Kaleb Flem: Secondly, finding what your sources are and being able to vet those sources. And at the end of the day, nothing in threat intelligence is brand-new. There are plenty of teams that have been working through these struggles at varying levels, maybe not just on the OT side. So reach out. Figure out, hey; what are you using for collection? What are you using to develop requirements? Because I have yet to find a single entity, no matter the level, that turned me away when asking, hey; how can we improve ourselves? We want to do our job better. So having that humble mindset of wanting to reach out, always improve your program, it goes a long way because you're not alone.
Kaleb Flem: And the other side of it is going down to making sure that your dissemination channel is of that intelligence. So when you've done all this hard work to find out requirements, to do the processing, to do the tough analytical work to create this amazing report but, on the OT side specifically, you've got geographical limitations. So making sure that you have those channels established to get that intelligence out to the business units in a timely manner.
Dave Bittner: Are you finding that management, the powers that be, are seeing the value in threat intelligence; that, you know, it's been effectively communicated, and they're finding this an investment well worth making?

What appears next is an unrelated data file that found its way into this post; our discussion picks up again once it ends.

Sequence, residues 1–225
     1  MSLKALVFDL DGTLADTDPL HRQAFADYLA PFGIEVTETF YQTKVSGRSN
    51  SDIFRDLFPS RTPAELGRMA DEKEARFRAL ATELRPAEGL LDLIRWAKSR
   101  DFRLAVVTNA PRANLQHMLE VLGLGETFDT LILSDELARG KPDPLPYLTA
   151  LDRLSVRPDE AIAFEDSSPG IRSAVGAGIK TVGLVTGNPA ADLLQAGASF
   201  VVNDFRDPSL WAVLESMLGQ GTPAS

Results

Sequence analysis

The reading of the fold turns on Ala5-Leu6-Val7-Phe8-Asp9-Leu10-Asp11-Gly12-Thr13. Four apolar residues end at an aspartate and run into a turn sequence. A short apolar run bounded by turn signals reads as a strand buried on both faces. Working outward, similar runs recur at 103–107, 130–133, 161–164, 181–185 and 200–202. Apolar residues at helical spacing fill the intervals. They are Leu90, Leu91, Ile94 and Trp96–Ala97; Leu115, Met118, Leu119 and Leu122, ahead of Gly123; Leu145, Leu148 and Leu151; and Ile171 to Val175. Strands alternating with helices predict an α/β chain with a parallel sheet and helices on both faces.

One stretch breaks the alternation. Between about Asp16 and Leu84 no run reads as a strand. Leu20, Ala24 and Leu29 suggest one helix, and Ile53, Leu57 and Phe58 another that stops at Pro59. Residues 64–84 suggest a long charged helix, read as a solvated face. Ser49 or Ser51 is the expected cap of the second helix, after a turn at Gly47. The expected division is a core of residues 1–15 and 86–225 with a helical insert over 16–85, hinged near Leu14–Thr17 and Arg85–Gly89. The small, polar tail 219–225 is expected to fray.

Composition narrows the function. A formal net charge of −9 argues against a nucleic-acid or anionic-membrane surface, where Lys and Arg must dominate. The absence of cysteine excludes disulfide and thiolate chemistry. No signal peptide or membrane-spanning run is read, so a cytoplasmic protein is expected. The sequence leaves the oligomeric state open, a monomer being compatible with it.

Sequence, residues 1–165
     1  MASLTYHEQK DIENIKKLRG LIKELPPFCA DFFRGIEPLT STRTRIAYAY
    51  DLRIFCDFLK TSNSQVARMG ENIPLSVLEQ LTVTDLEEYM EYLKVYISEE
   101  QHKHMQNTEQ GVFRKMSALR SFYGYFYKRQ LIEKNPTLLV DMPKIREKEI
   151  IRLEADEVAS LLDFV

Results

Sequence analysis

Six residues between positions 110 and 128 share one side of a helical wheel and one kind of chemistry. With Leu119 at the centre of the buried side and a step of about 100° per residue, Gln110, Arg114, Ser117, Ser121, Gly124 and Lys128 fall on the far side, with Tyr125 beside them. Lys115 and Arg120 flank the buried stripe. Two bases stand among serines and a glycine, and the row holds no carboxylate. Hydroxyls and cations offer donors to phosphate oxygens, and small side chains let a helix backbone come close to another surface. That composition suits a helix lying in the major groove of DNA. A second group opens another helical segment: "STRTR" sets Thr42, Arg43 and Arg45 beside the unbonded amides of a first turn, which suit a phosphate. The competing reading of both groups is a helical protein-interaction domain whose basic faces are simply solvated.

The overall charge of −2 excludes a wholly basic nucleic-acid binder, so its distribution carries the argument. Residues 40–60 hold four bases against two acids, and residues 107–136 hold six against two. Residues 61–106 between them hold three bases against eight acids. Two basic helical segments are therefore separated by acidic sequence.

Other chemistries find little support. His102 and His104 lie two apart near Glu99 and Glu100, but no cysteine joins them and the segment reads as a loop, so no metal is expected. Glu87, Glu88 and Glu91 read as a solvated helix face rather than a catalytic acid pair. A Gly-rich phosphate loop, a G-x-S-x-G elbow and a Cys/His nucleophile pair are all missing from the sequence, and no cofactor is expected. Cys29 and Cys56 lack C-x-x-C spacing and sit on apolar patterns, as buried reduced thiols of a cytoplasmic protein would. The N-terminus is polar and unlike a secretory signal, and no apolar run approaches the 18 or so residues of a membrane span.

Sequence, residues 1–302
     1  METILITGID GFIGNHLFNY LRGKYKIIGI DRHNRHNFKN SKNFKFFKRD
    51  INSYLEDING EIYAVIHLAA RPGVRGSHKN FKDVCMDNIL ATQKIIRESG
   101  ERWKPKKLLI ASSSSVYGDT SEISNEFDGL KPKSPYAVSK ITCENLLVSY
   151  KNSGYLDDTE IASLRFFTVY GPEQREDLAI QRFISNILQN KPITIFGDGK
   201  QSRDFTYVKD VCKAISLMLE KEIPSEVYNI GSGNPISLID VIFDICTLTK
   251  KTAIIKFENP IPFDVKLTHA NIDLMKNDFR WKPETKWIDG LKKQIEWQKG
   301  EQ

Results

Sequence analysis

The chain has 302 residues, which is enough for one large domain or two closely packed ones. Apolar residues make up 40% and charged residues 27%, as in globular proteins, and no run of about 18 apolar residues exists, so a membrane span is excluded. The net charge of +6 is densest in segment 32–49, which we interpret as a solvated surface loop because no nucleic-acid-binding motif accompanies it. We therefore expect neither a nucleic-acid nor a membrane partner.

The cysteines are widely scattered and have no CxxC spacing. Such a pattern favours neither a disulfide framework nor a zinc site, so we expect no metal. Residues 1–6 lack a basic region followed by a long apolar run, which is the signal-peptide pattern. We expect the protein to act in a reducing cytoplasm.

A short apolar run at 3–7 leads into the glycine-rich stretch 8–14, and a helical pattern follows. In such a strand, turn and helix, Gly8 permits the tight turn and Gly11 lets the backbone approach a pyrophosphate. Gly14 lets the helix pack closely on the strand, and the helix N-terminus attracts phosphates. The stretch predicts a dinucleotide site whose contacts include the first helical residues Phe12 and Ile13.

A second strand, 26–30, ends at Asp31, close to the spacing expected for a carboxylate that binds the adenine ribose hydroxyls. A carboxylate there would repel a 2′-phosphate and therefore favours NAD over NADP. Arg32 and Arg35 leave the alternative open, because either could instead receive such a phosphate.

Kaleb Flem: Absolutely. So a big thing that I've seen is that threat intelligence gives you the ability to jump back in the quarterback spot a little bit. Your - we have some amazing technical experts that are in the weeds all day long, whereas threat intelligence gives you the ability to step back and see the entire threat landscape much more clearly. And so you're able to see what threat actors are doing as well as see the trends that we're seeing in our own environment and put those pieces of the puzzle together. And we've seen that executives really appreciate that.
Kaleb Flem: And so we're able to tailor presentations depending on what their needs are and depending as the world situation changes drastically. And we're able to provide them products that give them better situational awareness of the overall threat landscape as well as what we are doing to mitigate those risks. And I think that's also being seen in the increased collaboration between utilities and intelligence teams that we are getting together at higher and higher levels to make sure that we're all working together to improve each other's programs. So it's been really encouraging to see how much progress has been made and how much support we've gotten from management.
Dave Bittner: That's Kaleb Flem from Southern California Edison.
Dave Bittner: In today's Learning Lab, Dragos CISO Steve Applegate speaks with Dragos' Mark Urban about starting an OT cybersecurity program.
Mark Urban: Mark Urban with the Learning Lab. Today we're going to get a CISO perspective on building an OT security program. And I'm fortunate to be joined by Steve Applegate, the CISO here at Dragos. Steve, welcome.